Preventing Slow Moving Inventory for Ecommerce Sellers

March 24, 2014

How can I move my slow moving inventory part 4:

In our last few posts, we’ve looked at how to identify slow moving inventory with the help of your ecommerce fulfilment partner, how to market it better on your own website, and how to get the most ROI on it when it is time to cut prices. Better still if you didn’t get into that kind of trouble in the first place, right?

Planning to prevent SMI can be difficult. When you first start carrying an item, it can be easy to misjudge demand, and you almost never know what the most efficient order size would be. EOQ, or Economic Order Quantity, is the order size that maximises your profit in a given time, considering unit price, mark-up, turnover, delivery and fulfillment costs.

The first time you order stock, that is mostly guesswork

So, step one is to determine EOQ as accurately as possible before making the first order. Look at similar items you already carry, especially items from the same manufacturer or distributor, if possible.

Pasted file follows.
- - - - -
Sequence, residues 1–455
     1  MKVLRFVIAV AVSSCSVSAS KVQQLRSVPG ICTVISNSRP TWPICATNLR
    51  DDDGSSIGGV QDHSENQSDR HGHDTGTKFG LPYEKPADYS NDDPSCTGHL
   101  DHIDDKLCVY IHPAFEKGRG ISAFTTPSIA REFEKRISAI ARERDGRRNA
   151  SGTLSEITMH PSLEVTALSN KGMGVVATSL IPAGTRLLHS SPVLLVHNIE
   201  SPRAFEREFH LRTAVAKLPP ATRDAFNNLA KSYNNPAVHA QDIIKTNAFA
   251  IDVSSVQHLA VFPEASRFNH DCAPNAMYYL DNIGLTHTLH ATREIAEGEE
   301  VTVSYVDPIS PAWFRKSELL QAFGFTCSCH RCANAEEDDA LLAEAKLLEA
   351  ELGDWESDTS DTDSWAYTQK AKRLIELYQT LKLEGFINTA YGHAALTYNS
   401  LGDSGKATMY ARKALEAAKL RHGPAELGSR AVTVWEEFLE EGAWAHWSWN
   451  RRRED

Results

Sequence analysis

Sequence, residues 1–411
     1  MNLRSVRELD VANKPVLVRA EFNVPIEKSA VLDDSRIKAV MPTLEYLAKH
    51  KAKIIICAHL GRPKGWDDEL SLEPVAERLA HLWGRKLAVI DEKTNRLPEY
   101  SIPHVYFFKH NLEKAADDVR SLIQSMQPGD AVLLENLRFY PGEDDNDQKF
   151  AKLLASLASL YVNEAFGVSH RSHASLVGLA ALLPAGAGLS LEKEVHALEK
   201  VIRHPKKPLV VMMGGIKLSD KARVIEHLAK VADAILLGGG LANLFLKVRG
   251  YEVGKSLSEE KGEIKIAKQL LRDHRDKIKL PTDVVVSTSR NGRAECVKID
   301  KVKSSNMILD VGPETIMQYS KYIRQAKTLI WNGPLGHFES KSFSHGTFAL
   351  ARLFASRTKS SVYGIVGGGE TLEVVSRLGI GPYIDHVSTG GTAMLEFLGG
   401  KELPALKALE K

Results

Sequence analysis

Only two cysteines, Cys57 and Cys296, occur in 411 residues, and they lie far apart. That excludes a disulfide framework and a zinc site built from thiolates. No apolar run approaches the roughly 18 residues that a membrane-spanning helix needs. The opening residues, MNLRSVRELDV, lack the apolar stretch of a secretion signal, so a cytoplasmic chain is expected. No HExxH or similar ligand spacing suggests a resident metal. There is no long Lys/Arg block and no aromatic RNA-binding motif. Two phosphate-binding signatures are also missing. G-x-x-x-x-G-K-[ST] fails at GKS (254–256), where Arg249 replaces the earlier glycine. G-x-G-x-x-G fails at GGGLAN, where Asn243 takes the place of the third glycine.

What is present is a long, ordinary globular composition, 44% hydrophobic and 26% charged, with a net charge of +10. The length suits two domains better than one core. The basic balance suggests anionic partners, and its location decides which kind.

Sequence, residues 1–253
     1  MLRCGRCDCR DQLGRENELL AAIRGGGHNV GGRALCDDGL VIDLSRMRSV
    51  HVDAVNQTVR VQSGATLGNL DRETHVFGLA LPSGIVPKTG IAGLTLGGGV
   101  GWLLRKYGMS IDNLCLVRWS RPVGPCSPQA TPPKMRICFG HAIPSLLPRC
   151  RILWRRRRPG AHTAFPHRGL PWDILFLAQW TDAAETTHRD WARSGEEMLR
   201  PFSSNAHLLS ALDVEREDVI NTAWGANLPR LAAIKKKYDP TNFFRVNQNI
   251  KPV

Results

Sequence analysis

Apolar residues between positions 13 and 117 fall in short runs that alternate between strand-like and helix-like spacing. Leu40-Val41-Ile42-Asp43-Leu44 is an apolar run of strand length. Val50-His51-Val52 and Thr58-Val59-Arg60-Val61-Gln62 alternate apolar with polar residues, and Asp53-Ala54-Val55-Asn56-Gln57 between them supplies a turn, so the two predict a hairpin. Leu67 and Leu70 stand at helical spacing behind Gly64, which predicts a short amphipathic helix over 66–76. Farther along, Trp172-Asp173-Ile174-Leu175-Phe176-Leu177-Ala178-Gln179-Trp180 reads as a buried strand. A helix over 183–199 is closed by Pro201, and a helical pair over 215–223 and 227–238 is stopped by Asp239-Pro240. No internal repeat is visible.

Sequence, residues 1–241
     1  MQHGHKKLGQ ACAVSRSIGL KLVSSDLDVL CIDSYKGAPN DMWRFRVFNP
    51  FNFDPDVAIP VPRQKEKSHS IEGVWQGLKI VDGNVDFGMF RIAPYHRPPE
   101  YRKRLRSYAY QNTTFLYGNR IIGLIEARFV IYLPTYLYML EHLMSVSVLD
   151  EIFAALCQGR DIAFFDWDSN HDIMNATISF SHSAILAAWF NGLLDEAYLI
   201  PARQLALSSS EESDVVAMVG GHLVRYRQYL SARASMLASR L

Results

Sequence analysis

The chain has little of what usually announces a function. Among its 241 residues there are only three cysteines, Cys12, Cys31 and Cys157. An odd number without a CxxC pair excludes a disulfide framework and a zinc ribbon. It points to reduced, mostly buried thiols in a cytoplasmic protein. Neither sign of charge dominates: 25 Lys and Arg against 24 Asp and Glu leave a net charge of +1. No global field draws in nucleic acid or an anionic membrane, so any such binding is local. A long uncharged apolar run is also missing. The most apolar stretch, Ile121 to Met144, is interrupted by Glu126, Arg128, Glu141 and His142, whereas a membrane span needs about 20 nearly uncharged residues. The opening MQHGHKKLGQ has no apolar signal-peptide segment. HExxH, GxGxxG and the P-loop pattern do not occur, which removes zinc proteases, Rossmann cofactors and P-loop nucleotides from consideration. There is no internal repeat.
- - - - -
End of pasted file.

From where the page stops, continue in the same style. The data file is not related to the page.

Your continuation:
Look at how much marketing effort you put into the existing item, and don’t expect the new one to sell as well if you do not spend that kind of effort on it. Consider the carrying cost per unit as well. If the carrying cost increase for stocking twice as many units destroys the volume buying price reduction, you would be creating slow moving inventory. Especially if it is your first time carrying this item, be cautious, and buy small. These are no the economic times to be taking risks, especially for ecommerce retailers. Amazon can afford to lose money every quarter, but you cannot.

Step two is to keep your marketing campaigns aggressive, active and interesting. Change your product categories once in a while. Make sure your customer database is accurate, up to date, and tracks important data. Ecommerce is about small companies, for the most part. While being small has several disadvantages, it allows for a great deal of agility. Try to walk the line between your site and marketing efforts being too boring to attract new customers, and being too chaotic to give return customers the comfort of familiarity.

Above all, don’t be afraid to discontinue offering products that just don’t sell.

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